Securities Class Actions as Disciplinary Mechanisms: Debt Financing, Political Lobbying and Innovation
This thesis examines the role of securities class actions (SCAs) in corporate governance. Three empirical chapters are presented examining the relationship SCAs have with debt financing, lobbying and firm innovation. Chapter 2 examines the impact SCAs have on a firm’s debt financing and lending relationships, with particular focus on the lender’s reputation and a firm’s ex-ante relationship with its lenders. The results indicate that reputable lenders are better screeners and as a result are less likely to lend to high litigation risk firms. Turning to ex-ante relationships with lenders, the evidence indicates that firm’s that did not have a relationship with a lender are less likely to be able to develop one post-filing. On the other hand, if a firm had an established relationship with a lender before the filing, they are more likely to continue borrowing from that lender. Furthermore, for firms that had an existing relationship with a lender, loans initiated after the filing are larger in size and have smaller spreads relative to those firms without a relationship. Overall, it appears that corporate misconduct does not undermine a firm’s relationship with its providers of financial capital. Chapter 3 examines the impact of lobbying on the time it takes to detect managerial misconduct and the size of penalties associated with SCAs. Managers of lobbying firms are able to get away with misconduct for longer and are marginally less likely to have to settle a class action up to 2004. From 2005 onwards, lobbying no longer impacts the time it takes to detect misconduct or the outcome of the case. It is argued that regulatory action (the Sarbanes Oxley Act) has had the desirable effect of reducing the tacit power of lobbying firms. Finally, Chapter 4 examines the relationship between SCAs and firm innovation. The evidence indicates that innovative firms are relatively more likely to be sued. This chapter presents evidence that innovation may increase the opportunities and pressures to commit misconduct. Furthermore, investment in innovation immediately declines post-filing resulting in a decline in the quantity of patents. However, the filing has no impact on innovative quality or efficiency.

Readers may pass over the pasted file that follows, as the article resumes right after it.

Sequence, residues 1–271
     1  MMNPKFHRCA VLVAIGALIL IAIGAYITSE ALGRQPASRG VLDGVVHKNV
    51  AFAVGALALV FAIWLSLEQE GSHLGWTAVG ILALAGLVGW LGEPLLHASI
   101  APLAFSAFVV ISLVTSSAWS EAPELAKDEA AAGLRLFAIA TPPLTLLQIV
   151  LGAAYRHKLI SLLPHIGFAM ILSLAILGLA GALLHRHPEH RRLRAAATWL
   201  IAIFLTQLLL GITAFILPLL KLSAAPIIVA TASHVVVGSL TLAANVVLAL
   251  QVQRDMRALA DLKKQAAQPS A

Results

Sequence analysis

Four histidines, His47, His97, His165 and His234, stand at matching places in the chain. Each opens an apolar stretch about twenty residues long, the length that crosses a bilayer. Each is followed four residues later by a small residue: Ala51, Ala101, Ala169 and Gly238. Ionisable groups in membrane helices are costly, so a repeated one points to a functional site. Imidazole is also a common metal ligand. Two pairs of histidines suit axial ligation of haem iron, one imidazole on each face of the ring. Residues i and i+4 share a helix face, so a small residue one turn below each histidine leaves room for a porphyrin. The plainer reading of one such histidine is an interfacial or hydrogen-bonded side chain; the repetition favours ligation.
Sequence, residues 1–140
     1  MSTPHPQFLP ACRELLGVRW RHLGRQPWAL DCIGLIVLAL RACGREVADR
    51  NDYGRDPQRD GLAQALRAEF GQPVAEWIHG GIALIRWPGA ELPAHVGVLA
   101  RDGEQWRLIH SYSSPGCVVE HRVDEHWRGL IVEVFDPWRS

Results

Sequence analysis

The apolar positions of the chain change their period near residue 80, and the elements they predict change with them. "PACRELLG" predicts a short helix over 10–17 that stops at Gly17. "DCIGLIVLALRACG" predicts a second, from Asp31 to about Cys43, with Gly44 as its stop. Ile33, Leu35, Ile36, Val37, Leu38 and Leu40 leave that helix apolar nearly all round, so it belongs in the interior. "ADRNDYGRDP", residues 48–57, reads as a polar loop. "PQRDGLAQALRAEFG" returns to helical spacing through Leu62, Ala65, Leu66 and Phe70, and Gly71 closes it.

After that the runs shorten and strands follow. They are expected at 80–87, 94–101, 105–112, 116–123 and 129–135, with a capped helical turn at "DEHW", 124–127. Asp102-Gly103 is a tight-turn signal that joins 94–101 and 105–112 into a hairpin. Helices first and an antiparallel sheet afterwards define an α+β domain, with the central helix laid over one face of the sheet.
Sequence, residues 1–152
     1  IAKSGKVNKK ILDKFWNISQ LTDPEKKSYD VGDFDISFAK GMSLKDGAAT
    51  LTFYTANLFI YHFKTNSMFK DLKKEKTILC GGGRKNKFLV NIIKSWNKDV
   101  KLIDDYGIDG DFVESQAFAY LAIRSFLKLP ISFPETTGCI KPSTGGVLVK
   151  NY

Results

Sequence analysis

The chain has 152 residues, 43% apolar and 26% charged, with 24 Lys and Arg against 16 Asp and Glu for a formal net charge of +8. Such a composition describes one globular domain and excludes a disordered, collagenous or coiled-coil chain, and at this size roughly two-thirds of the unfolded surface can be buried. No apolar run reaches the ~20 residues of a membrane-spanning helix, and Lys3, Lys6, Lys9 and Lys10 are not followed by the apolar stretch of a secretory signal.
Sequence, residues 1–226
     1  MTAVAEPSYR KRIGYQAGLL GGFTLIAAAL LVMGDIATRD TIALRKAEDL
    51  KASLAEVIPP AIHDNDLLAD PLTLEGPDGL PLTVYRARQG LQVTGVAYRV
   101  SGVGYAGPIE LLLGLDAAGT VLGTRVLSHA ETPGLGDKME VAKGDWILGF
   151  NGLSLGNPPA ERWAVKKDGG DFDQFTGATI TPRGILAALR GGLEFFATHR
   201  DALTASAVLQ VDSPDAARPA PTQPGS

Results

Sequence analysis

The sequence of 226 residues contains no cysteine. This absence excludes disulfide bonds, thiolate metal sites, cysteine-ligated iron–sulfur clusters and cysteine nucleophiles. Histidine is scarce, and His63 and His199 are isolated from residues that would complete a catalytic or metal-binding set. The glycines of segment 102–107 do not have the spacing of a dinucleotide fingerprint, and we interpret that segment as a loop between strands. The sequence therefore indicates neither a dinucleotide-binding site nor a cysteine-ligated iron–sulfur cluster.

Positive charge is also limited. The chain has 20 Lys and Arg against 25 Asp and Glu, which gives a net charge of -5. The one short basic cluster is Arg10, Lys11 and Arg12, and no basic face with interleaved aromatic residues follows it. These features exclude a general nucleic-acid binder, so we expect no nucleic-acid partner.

Advisor: Diaz-Rainey, Ivan; Roberts, Helen; Tan, Eric
Degree Name: Doctor of Philosophy
Degree Discipline: Accountancy and Finance
Publisher: University of Otago
Keywords: Securities; Class; Actions; Debt; Lobbying; Innovation; Reputation; Corporate; Governance; Misconduct
Research Type: Thesis